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Despite all the recent ballyhoo behind IPAs and other ales across the globe, the lager is still king. In America, all 20 of our top-selling beer brands from Bud Light to Dos Equis are lagers. And yet, despite our renewed interest in ales, the history behind those mass market lagers is probably more intriguing.

Though commonplace now, lagers were borne of innovation, albeit innovation that happened back in the 15th century. Before then, all beers were pretty much ales—using top fermenting yeast in warmer temperatures—until some Bavarian monks figured out how to use a hybridized yeast to brew lagers at cooler temperatures. But where did these crazy new lager yeasts come from?

A research team led by biologists at the University of Wisconsin-Madison—a school where beer is apparently never far from their minds—has been working to unravel the genetic history behind lager yeast. In a paper recently published in the journal Molecular Biology and Evolution, they claim to have made an interesting discovery: Two major strains of lager yeast, Saaz and Frohberg, that their team looked at actually came from two different sources—“multiple hybridization events,” as they called it.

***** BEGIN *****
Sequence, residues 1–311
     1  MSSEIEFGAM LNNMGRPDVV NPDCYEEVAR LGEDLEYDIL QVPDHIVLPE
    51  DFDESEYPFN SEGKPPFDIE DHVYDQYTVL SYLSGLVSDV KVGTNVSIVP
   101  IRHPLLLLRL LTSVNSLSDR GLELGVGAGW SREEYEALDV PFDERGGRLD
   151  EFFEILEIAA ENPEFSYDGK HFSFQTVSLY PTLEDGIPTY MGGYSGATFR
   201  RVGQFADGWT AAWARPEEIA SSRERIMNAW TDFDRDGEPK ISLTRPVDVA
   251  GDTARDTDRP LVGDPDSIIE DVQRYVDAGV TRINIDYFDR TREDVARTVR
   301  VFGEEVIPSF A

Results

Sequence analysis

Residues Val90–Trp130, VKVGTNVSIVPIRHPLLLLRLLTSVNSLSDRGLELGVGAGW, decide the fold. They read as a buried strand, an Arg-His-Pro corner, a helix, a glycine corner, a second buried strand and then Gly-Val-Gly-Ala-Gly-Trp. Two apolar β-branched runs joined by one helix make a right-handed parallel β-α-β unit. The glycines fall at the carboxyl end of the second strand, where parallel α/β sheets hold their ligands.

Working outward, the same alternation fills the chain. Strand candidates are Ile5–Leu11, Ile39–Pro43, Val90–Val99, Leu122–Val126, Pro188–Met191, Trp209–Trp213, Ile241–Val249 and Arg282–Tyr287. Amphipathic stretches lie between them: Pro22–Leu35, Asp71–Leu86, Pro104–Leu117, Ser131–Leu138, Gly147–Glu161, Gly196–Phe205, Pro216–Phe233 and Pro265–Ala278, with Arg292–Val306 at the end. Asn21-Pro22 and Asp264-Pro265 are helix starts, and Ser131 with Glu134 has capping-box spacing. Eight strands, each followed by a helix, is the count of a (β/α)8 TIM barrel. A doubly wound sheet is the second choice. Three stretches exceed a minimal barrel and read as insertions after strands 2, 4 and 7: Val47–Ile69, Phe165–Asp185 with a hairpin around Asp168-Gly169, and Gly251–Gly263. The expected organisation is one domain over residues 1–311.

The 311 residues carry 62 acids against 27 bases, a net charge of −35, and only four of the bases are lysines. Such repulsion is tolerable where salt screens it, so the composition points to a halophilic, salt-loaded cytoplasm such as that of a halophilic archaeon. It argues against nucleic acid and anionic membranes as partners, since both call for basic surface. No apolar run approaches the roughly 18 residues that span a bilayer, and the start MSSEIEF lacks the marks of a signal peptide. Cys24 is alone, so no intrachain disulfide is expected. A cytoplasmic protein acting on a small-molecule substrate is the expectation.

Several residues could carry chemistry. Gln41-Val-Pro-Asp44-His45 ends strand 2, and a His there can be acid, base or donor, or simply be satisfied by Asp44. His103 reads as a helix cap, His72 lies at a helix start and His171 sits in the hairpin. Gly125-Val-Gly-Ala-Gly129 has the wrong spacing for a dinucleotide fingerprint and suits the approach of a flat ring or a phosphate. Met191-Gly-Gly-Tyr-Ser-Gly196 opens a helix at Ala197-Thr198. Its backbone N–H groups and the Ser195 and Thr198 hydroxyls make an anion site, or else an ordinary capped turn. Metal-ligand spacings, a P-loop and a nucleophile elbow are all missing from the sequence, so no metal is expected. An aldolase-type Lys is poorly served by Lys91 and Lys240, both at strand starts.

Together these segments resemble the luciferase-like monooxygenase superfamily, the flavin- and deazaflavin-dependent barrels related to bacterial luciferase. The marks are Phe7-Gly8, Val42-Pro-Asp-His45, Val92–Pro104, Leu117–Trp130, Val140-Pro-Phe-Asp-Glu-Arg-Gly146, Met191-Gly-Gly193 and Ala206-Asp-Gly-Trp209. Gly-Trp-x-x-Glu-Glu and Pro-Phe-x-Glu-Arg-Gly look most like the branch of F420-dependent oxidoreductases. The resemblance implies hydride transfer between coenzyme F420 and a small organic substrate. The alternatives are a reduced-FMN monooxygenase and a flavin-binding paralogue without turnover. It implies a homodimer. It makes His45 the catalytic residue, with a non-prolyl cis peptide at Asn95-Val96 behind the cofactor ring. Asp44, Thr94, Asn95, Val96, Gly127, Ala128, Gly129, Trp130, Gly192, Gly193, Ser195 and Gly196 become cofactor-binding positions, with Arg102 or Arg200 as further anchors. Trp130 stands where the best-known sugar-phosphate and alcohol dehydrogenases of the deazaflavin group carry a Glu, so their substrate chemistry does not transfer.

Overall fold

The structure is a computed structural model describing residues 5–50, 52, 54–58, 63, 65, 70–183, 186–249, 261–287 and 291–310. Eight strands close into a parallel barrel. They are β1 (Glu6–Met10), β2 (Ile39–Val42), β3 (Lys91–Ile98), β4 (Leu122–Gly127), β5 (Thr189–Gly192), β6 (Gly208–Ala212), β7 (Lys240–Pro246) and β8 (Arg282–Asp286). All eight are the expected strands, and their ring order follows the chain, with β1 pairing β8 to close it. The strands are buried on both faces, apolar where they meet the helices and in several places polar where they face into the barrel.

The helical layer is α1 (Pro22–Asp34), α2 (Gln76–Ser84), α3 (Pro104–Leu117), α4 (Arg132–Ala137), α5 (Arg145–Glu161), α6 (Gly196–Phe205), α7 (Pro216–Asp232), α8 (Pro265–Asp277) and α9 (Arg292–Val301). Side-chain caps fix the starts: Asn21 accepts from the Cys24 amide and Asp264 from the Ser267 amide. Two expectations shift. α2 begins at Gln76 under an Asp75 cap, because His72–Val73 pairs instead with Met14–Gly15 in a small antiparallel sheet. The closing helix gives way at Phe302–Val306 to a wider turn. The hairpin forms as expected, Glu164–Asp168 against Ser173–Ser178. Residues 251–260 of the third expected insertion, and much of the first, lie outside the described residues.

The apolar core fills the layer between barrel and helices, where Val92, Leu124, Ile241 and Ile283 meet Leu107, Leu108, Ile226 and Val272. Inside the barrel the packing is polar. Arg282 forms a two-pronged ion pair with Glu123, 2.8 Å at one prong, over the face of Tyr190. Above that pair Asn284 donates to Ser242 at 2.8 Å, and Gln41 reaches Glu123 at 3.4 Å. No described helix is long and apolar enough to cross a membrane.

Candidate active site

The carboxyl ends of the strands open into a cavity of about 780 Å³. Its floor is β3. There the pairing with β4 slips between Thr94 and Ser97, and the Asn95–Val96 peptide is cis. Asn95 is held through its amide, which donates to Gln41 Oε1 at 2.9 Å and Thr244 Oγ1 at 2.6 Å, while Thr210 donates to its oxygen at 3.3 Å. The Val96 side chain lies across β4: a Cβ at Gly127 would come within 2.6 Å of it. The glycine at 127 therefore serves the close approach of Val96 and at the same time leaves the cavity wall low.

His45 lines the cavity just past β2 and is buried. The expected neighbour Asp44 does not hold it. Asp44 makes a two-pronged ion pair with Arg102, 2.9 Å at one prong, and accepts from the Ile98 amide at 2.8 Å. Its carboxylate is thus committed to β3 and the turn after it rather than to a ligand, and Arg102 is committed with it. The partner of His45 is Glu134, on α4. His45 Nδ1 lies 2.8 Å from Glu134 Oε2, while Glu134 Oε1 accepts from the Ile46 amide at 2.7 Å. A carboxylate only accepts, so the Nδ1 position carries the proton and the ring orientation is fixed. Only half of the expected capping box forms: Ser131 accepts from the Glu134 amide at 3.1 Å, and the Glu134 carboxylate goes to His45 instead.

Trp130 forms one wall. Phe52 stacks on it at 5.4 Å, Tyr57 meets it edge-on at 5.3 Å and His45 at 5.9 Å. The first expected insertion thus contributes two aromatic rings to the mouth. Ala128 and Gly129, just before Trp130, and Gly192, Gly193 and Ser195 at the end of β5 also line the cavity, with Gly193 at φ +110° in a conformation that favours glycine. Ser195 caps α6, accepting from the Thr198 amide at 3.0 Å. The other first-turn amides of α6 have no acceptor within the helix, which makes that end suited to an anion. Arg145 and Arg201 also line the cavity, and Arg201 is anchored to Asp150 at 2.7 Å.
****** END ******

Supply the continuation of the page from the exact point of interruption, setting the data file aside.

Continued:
“Lager yeasts did not just originate once. This unlikely marriage between two species, genetically as different from one another as humans and birds, happened at least twice,” co-author Chris Todd Hittinger was quoted as saying.

Outside of purely academic interest, Hittinger suggests the findings could have modern ramifications. “It raises the question: In the entire population, are there additional variants that might be useful? Is it an accident of history what gets hybridized?”

Compared to ale yeast, lager yeast is only about 500 years young. Maybe it still has some innovation up its sleeve?